Enabling this feature is Meta’s digital wallet software called Novi that was formerly known as Calibra. Calibra itself was part of the original Libra approach to launch a multi-currency backed stablecoin. After these plans were officially announced in June of 2019, Libra rebranded to Diem in December of 2020, with the goal of launching in 2021. To this date though, no Diem coin has hit the market yet and it seems like that Novi is indeed the first real product that has been launched.
With Facebook changing its name and course, it looks like the company is eager to find its place in the fast-changing digital world. After all, the emergence of Web3 is slowly turning things upside down. Furthermore, investigations and discoveries like this recent one, unearthing the fact that traditional social media applications like WhatsApp are still used for surveillance will certainly drive people into the new world of decentralisation. Just as with communication, people will turn their back to apps that have the option to spy on their financial activities.
CBDC: An opportunity for emerging markets?
A recent report done by the Official Monetary Financial Institutions Forum (OMFIF) and G+D, a German company focusing on banknote and securities printing, smart cards, and cash handling systems, yield interesting results: While a majority in emerging countries (Nigeria and Indonesia were looked at for the report) is fond of using a CBDC, in developed countries (residents from Germany and the US were surveyed) less than 25% state that they would be using this new form of money.
The reason for this dichotomy might come down to the following fact: Most emerging market consumers still lack access to financial services such as efficient payments options. This is not the case for developed nations, where citizens already have many established payment facilities. As they can be considered overbanked, they might not feel the urge to use newly established CBDC. Interestingly enough, awareness of digital currencies is also much higher in emerging markets: in Nigeria or Indonesia, more than 40% of the surveyed people are familiar with the concept of CBDCs. In the US, this number is only 15%.
This is also why the central banks of these emerging market countries seem to be eager to seize the chance at hand. As one of the first actors ever, the Eastern Caribbean Central Bank has launched its DCash in March of 2021. This CBDC is an electronic version of the Eastern Caribbean dollar and will now be rolled out to more Caribbean countries such as Dominica and Montserrat. Soon thereafter, the CBDC shall be available in seven nations that are part of the Eastern Caribbean economic bloc.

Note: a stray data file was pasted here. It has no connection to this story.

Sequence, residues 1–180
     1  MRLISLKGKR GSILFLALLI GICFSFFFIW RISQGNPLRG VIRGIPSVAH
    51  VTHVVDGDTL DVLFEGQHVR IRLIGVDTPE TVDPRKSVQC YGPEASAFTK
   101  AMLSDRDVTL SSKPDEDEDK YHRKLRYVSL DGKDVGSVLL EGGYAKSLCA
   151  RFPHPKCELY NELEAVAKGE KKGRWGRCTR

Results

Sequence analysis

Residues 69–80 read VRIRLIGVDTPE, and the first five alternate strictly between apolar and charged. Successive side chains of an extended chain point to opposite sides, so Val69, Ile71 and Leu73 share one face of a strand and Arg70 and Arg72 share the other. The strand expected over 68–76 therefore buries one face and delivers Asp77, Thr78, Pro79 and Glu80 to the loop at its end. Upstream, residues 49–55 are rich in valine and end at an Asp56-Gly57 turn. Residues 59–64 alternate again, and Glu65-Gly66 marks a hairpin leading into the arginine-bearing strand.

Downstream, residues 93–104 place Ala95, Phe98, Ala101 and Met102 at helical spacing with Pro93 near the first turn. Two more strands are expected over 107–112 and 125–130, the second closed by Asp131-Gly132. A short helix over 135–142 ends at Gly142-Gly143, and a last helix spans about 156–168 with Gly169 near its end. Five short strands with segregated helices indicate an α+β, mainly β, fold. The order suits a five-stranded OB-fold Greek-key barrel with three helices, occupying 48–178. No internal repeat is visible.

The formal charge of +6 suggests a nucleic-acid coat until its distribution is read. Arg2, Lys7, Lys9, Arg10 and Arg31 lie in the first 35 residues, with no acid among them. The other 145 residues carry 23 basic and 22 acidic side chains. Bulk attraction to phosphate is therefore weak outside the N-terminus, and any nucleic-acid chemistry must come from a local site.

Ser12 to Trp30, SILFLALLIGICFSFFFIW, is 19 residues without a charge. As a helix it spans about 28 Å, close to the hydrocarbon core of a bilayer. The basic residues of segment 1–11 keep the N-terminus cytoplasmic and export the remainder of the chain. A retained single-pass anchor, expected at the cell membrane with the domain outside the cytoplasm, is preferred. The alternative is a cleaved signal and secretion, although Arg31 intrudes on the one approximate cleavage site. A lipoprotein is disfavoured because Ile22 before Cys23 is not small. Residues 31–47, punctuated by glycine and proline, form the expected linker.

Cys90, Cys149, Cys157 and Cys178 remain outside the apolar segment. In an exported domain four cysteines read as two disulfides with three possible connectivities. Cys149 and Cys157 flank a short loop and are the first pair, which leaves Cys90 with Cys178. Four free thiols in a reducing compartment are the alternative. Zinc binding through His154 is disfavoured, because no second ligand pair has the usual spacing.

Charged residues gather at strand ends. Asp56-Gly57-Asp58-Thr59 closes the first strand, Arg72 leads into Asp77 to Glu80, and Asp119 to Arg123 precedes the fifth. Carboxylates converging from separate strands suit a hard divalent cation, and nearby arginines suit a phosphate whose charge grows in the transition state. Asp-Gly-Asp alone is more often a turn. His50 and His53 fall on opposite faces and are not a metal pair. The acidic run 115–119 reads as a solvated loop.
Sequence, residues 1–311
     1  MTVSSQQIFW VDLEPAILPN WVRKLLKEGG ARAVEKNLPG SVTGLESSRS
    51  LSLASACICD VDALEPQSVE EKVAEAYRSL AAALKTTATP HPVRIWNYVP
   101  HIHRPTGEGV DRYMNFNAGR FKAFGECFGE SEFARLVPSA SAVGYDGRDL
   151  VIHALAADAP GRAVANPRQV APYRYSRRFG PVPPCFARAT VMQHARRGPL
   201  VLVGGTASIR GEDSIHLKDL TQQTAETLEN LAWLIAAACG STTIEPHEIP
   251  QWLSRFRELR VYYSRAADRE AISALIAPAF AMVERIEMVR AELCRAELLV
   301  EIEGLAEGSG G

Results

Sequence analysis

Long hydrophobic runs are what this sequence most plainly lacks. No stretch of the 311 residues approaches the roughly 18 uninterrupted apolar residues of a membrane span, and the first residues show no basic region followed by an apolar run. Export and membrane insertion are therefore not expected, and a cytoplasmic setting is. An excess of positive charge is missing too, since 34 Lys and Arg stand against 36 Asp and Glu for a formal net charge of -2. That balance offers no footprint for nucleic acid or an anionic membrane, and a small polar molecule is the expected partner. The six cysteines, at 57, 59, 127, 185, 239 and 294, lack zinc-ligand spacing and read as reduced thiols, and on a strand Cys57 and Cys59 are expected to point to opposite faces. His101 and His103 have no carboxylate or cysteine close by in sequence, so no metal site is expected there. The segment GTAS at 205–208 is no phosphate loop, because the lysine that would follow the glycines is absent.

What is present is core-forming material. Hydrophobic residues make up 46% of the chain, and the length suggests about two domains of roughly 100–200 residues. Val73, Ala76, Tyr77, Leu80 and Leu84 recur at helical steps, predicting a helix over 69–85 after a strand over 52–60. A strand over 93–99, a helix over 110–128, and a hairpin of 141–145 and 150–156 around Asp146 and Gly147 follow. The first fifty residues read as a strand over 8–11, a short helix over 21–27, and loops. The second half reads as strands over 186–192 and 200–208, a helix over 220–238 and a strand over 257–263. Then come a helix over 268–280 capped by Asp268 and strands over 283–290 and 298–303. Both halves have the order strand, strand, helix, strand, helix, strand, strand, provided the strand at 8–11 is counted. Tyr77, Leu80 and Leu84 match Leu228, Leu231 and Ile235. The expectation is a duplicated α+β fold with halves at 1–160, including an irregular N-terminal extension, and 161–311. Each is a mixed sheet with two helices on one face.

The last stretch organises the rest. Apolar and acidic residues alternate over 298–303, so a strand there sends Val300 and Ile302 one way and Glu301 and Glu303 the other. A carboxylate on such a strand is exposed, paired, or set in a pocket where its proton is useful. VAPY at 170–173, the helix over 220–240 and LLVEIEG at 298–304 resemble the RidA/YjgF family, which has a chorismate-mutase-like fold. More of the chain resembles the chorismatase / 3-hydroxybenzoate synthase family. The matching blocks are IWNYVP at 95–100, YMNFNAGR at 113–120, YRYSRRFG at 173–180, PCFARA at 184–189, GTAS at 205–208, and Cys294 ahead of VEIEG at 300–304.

Also, the central Asian country Kazakhstan is said to test a national digital currency. As a matter a fact, the prototype of this CBDC has been completed and the final report on the results of this pilot project is set to be published on 15 December 2021. Not an emerging market country in the real sense of the word but still planning on offering a digital Dinar through a digital payment platform is the central bank of Bahrain.
Market Update: Cleansing out the leverage
On December 4th the Bitcoin price experienced quite a significant drop. In just one day, the price fell by nearly $9,000 and wicked down to $42k because of thin liquidity. Reaching these low levels, buyers stepped in to scoop up the Bitcoin they believed to be getting for a cheap price. In a matter of hours then, the price recovered to above $48k, where it has now hovered around for a few days.
This sharp downward correction was due to a so-called liquidation cascade. Bitcoin futures contracts worth $5.4 billion were liquidated. Before the December 4 price correction, leverage in the bitcoin market was indeed near its all-time high. This was shown by the outstanding open interest in Bitcoin’s future and option markets. Also, the correction has followed a period of prolonged positive funding rates. This goes to show that Bitcoin traders that were long have been paying the shorting trader side for quite some time.
The December 4th price correction surely washed some of the leverage out of the crypto markets. This is generally a good sign and creates fertile ground for another rally. The question is: Has enough leverage been washed out in order to turn bullish again in the short term? Especially for the second largest cryptoasset ether, the funding rates of its futures contracts are still positive, and the open interest is still relatively high. Should ether correct a bit more, other altcoins would be in for another strong correction as well.